• Learn another language
  • Look at developments on other fields
  • Learn from great educators
  • Examine critical moments in your own teaching

He asked us to complete the following sentences, with my answers at the time in brackets:

  • Teaching is like…(a box of chocolate, including the coffee cream)
  • The best way for a teacher to develop is…(being open to all the possibilities available and find out what works for you)
  • If I could change one thing…(more time!)

He suggested we look at where we are as teachers at different points:

disaster ————— triumph

stability ——————— flux

mastery ————— apprenticeship

confidence ————— nervousness

passion ———- boredom

Finally, we were asked for a seven-word piece of advice for new teachers, which we then wrote on balloons and batted around the room.  Mine was:

Ask questions.  Ask for help.  And smile.

As I said, it was a beautiful way to start the day as opening plenaries on a Saturday morning need to offer the participants with something fresh and energising.  I also loved his motto for facing a crisis: “What would Jeremy Harmer do?”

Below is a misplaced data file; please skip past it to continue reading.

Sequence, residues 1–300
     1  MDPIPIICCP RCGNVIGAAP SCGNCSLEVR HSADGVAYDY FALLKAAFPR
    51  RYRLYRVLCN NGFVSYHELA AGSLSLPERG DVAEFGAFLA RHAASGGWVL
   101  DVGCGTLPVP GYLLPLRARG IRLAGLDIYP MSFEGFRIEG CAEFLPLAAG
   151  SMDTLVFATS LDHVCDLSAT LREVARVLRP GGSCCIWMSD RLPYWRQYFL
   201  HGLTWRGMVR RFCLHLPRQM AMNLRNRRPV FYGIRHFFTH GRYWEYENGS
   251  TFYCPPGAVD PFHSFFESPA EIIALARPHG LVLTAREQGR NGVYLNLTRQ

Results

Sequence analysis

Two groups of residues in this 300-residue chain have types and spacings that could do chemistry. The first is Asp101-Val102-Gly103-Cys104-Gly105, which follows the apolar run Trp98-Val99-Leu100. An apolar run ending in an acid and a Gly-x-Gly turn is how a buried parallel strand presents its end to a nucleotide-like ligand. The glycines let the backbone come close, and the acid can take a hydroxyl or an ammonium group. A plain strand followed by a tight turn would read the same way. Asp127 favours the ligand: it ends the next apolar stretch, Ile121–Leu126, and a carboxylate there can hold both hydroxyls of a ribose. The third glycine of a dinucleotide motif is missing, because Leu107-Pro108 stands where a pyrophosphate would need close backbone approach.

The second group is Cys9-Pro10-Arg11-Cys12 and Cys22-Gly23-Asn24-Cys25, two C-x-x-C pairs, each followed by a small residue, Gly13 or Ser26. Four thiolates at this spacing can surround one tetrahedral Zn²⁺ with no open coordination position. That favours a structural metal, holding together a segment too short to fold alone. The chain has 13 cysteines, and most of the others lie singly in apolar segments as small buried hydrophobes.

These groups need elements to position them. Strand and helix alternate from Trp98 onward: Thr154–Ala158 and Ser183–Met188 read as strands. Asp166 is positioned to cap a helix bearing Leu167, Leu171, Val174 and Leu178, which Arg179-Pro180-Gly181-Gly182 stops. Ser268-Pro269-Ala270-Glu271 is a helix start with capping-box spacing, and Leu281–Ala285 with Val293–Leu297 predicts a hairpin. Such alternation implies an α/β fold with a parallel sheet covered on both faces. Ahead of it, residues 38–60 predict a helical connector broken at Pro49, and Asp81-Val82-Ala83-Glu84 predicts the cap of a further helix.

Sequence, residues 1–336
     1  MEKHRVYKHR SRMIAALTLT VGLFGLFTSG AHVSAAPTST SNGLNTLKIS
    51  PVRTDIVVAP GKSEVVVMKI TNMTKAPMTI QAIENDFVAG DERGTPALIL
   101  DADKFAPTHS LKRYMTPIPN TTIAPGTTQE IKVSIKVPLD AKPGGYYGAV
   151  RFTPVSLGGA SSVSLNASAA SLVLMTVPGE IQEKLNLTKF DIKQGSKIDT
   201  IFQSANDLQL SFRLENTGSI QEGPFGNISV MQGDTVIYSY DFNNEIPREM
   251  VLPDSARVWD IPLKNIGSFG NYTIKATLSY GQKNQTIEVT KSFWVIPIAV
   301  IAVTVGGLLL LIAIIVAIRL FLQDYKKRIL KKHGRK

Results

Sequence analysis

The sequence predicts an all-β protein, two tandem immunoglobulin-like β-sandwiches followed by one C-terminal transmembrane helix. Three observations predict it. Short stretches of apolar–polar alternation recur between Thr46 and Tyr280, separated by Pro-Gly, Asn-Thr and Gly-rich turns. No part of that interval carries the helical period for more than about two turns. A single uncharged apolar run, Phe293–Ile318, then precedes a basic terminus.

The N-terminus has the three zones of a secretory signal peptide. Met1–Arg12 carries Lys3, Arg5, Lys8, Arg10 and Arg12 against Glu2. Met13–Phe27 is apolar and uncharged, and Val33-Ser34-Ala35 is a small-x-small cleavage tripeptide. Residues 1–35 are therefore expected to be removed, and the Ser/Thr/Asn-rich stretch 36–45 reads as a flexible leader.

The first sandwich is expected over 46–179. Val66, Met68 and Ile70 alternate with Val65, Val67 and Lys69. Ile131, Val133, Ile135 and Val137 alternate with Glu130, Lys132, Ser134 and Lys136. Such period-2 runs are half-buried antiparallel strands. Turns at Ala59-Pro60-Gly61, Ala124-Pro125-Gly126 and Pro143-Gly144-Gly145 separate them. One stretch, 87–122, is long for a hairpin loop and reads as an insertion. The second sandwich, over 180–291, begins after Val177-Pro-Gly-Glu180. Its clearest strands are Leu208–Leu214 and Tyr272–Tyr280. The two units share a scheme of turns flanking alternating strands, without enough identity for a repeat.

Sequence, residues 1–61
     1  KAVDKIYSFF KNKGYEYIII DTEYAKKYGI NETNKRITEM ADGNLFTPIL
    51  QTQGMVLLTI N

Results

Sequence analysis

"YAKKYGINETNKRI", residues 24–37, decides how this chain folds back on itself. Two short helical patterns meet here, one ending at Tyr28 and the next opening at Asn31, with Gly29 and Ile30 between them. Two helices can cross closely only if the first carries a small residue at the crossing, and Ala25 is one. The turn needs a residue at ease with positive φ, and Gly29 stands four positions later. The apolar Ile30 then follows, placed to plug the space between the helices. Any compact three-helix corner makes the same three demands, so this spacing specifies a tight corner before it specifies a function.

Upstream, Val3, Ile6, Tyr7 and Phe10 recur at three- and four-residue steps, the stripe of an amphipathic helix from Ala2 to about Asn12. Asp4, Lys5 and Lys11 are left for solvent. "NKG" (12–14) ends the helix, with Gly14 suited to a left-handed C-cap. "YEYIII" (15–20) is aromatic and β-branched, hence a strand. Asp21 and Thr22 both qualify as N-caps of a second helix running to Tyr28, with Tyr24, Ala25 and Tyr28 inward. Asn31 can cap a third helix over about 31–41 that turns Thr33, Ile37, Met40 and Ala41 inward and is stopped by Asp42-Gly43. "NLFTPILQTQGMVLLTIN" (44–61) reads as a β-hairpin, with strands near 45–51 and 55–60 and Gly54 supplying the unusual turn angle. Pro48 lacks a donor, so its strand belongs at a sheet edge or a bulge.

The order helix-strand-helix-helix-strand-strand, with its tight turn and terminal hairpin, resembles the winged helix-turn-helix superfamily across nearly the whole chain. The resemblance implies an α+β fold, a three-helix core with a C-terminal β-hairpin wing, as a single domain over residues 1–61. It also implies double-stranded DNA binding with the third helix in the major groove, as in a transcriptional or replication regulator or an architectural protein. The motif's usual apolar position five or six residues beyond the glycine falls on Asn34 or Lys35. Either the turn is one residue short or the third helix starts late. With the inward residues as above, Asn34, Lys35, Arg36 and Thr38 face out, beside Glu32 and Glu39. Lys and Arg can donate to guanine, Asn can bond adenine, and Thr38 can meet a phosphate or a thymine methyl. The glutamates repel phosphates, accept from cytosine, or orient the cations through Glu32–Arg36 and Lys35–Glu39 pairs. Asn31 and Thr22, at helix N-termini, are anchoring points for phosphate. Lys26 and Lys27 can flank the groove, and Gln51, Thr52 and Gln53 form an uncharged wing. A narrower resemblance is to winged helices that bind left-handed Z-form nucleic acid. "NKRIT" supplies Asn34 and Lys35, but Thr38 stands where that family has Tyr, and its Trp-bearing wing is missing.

January 24

PET – Listening Part 1

This is an activity which I’ve done with a couple of groups and they respond quite well to it – it gives the learners a space for a bit of creativity and provides an enjoyable lead-in to Listening Part 1 of the PET paper.

Give the learners a sample paper and divide them into pairs (you can also do individuals depending on the question type).  Assign each pair one of the questions and explain that they are going to write the dialogue. They must include all three of the options and shouldn’t necessarily introduce the correct answer last.

It works with a nuber of skills as the pairs must first write then perform their dialogue whilst others listen.  This is also an opportunity to brainstorm new vocabulary which they may be unfamiliar with – recently when I did the activity, one of the answers included a hot-air balloon ride.

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January 23

Formative Assessment

Notes from a session on assessment at a work meeting, the question comes from the LTCL Diploma TESOL May 2015 exam paper:

Explain how you use formative assessment in your classes or classes on a day-to-day basis